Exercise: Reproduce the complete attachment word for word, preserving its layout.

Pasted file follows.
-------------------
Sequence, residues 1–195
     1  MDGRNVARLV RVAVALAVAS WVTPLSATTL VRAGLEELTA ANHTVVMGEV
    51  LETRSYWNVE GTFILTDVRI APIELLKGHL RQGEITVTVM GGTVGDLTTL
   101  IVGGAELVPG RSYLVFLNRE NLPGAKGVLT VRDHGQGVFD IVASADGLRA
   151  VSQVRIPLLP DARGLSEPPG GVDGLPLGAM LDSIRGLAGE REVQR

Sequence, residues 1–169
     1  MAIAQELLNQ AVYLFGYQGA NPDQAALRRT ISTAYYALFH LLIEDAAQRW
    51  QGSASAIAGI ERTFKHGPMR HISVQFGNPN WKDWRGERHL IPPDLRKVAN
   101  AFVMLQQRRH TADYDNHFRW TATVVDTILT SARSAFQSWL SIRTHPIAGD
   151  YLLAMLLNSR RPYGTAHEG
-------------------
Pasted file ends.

Sequence, residues 1–195
     1  MDGRNVARLV RVAVALAVAS WVTPLSATTL VRAGLEELTA ANHTVVMGEV
    51  LETRSYWNVE GTFILTDVRI APIELLKGHL RQGEITVTVM GGTVGDLTTL
   101  IVGGAELVPG RSYLVFLNRE NLPGAKGVLT VRDHGQGVFD IVASADGLRA
   151  VSQVRIPLLP DARGLSEPPG GVDGLPLGAM LDSIRGLAGE REVQR

Sequence, residues 1–169
     1  MAIAQELLNQ AVYLFGYQGA NPDQAALRRT ISTAYYALFH LLIEDAAQRW
    51  QGSASAIAGI ERTFKHGPMR HISVQFGNPN WKDWRGERHL IPPDLRKVAN
   101  AFVMLQQRRH TADYDNHFRW TATVVDTILT SARSAFQSWL SIRTHPIAGD
   151  YLLAMLLNSR RPYGTAHEG